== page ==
Centerstone's records reflect that, from December 2010 through April 2011, Plaintiff complained of right hip pain with radiation through his right leg with occasional numbness in his right leg and his right arm. Id. at 385-90. Plaintiff cited increased pain with lifting, sitting for too long, or walking for too long. Id. Plaintiff reported continuing anxiety and side effects from his medications such as nausea and insomnia. Id. at 390. By April 2011, Plaintiff continued experiencing depression, mood swings, social withdrawal, irritability, anxiety, helplessness and worthlessness. Id. at 274-98, 346-84. Plaintiff's GAF score was 45, reflective of serious symptoms or serious impairment in social or occupational functioning despite his ongoing treatment. Id.
In April 2011, Plaintiff was also hospitalized for gastrointestinal bleeding, likely alcoholic liver disease, hepatitis, pancytopenia, peripheral neuropathy, hypokalemia, hypomagnesemia, and hypertension. Id. at 333. According to Dr. Maltz, "[g]iven finding on esophagogastroduodenoscopy, the patient really has bad prognosis, " with "no available treatment for gastric varices." Id. at 335. Dr. Maltz stated that if Plaintiff bleeds again, there would be a very high mortality. Id.
On February 4, 2011, Dr. Darrel Ray Rinehart, a consultant, reviewed Plaintiff's medical records and found that Plaintiff did not have any physical limitations. Id. at 270-72. In April 2011, Dr. John Fahlberg, found that Plaintiff did not have severe physical impairments. Id. at 309. On June 28, 2011, Dr. Frank Pennington performed a residual functional capacity function assessment and opined that Plaintiff had severe physical impairments that limited him to a range of light work. Id. at 393-401. Earlier, in March 2011, Dr. Deborah Doineau, an educational specialist evaluated Plaintiff's records and opined that Plaintiff had mild limitations in performing simple and complex instructions without any limitations in interacting with others. Id. at 299-305.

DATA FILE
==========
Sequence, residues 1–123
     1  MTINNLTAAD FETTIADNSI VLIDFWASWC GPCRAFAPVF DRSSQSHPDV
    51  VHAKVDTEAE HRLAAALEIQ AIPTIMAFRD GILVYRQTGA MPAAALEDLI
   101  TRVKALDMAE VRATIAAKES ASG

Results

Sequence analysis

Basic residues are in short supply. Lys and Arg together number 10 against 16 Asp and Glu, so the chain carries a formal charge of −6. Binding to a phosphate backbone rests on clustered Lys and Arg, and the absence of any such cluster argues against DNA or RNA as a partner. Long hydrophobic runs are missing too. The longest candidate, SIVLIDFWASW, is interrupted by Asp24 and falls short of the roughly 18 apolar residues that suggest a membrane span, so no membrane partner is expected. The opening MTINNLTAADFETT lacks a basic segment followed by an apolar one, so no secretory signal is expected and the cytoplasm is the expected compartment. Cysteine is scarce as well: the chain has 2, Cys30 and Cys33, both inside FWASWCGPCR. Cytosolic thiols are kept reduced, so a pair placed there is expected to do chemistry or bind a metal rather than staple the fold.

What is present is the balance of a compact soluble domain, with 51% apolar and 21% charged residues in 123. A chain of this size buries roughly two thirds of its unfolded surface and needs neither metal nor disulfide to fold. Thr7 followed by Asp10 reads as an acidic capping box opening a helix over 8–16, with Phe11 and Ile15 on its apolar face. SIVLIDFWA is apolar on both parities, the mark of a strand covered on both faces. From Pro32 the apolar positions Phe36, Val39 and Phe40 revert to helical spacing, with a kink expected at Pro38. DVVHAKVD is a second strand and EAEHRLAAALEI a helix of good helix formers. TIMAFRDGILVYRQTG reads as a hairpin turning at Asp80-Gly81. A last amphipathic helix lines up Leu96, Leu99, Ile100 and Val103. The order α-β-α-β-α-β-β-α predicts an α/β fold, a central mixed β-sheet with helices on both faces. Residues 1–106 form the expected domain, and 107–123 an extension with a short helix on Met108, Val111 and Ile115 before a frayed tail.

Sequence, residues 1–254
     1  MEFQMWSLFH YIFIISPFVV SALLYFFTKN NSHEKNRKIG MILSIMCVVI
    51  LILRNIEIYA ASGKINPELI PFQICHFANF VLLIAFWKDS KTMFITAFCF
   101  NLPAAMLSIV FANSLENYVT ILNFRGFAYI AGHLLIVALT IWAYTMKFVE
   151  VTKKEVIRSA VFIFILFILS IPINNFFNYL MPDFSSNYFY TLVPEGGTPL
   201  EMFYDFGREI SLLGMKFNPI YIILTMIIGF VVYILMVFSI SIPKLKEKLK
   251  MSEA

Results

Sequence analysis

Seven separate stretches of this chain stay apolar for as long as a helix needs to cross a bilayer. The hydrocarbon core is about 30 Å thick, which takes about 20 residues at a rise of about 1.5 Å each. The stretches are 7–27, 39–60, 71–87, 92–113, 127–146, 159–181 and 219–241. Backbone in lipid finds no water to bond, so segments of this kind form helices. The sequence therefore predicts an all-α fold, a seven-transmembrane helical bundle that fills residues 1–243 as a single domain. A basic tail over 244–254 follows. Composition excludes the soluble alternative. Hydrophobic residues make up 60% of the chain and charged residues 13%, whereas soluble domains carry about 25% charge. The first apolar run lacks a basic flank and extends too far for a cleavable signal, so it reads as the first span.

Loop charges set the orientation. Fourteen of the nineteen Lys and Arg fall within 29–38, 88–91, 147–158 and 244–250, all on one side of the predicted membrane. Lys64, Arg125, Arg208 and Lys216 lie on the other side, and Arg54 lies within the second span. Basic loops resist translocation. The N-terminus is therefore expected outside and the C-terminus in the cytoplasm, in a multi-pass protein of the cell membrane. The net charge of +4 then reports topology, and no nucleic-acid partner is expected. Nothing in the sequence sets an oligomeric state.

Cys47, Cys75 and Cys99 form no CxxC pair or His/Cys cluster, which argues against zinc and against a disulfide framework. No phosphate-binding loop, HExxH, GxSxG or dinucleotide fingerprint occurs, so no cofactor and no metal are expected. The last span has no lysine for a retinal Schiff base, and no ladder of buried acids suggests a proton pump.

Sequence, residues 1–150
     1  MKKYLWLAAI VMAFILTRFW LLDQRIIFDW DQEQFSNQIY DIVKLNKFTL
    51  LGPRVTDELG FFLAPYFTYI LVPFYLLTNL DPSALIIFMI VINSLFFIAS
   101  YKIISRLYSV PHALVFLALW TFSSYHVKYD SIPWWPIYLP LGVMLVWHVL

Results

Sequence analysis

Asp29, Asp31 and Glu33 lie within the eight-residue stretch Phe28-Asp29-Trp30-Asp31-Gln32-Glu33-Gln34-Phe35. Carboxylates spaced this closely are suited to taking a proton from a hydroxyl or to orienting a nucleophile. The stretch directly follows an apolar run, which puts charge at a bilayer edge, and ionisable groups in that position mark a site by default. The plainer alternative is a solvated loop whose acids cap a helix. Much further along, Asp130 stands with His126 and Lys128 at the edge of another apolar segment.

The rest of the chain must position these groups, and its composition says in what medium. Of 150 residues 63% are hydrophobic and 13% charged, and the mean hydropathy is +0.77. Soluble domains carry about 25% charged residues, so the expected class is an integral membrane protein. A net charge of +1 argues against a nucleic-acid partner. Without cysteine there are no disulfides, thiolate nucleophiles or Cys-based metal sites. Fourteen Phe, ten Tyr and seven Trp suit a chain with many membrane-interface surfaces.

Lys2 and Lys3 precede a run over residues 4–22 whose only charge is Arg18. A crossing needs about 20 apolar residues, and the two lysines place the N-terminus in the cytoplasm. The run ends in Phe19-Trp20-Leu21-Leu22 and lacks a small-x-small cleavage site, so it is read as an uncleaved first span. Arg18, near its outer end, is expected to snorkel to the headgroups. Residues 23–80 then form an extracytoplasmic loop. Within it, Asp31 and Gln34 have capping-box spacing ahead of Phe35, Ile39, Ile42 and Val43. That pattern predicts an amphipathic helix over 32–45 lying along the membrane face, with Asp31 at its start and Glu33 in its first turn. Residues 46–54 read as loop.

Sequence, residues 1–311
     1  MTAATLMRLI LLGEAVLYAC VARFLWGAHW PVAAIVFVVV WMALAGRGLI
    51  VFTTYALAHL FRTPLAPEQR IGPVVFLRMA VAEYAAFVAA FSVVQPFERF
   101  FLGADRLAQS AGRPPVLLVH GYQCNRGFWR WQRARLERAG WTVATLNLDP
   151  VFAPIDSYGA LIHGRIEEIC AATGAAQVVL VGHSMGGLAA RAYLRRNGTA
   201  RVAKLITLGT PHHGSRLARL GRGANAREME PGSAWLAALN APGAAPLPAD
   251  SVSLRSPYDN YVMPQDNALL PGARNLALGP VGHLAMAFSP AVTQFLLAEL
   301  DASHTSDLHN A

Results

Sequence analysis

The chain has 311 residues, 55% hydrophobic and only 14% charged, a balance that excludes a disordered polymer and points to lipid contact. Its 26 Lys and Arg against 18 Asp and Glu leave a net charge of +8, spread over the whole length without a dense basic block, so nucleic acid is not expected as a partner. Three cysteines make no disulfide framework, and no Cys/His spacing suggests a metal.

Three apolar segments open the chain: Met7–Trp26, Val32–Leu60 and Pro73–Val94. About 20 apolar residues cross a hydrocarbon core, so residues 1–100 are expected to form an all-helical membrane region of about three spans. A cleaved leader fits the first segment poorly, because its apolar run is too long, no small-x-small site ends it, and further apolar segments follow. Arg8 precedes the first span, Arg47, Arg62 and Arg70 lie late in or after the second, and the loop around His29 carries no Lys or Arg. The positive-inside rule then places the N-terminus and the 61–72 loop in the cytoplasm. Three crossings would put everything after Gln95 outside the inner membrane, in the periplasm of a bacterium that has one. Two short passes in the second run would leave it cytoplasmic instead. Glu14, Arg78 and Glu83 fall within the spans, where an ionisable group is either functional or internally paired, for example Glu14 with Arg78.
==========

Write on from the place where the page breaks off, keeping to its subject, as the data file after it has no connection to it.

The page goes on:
Dr. Kimberly Tartt-Godbolt, a psychologist, reviewed Plaintiff's mental health treatment, and opined that Plaintiff retained the ability to perform simple and one-to-four-step detailed tasks, to interact effectively with others on a superficial level, and to adapt to infrequent changes, but could not make executive-level independent decisions. Id. at 310-26. Dr. Jenaan Khaleeli, a psychologist concurred. Id. at 391. The psychologists considered Plaintiff's mental health treatment from Centerstone, including the January 2010 intake form and the GAF scores. Id. at 322, 391.
The ALJ found that Plaintiff had a severe combination of impairments of depression, generalized anxiety, panic disorder, bipolar disorder, history of alcohol abuse, gastric varices, peripheral neuropathy, liver disease, and right hip pain. Id. at 12. Yet, the ALJ did not find any of Plaintiff's impairments, alone or in combination, to satisfy any listing for disability under the Act. Id. at 12-14. The ALJ also found that Plaintiff's testimony of his disabling symptoms lacked credibility based on Plaintiff's medical treatment, the medical evidence, and the medical opinions. Id. at 14-18. The ALJ found that Plaintiff retained residual functional capacity to lift 20 pounds frequently and 10 pounds occasionally, sit for 6 hours in an 8-hour workday, and stand/walk for 6 hours in an 8-hour workday. Id. at 14. The ALJ found that Plaintiff could frequently climb, balance, stoop, kneel, crouch, and crawl and could follow simple instructions, make simple work-related decisions as well as have superficial contact with the general public, co-workers, and supervisors. Id. at 14. Citing vocational expert testimony, the ALJ concluded that Plaintiff could perform work that exists in significant numbers in the national economy, including work as a dishwasher, a building cleaner, and a grounds worker. Id. at 19. Consequently, the ALJ found Plaintiff not disabled. Id. at 21.
The ALJ gave the opinion of Dr. Fahlberg, one of Plaintiff's treating physician, little weight as inconsistent with the record. Id. at 18. The ALJ found the other opinions cited above consistent with Plaintiff's medical treatment and objective evidence, and entitled to significant weight. Id. at 17-18.
B. Conclusions of Law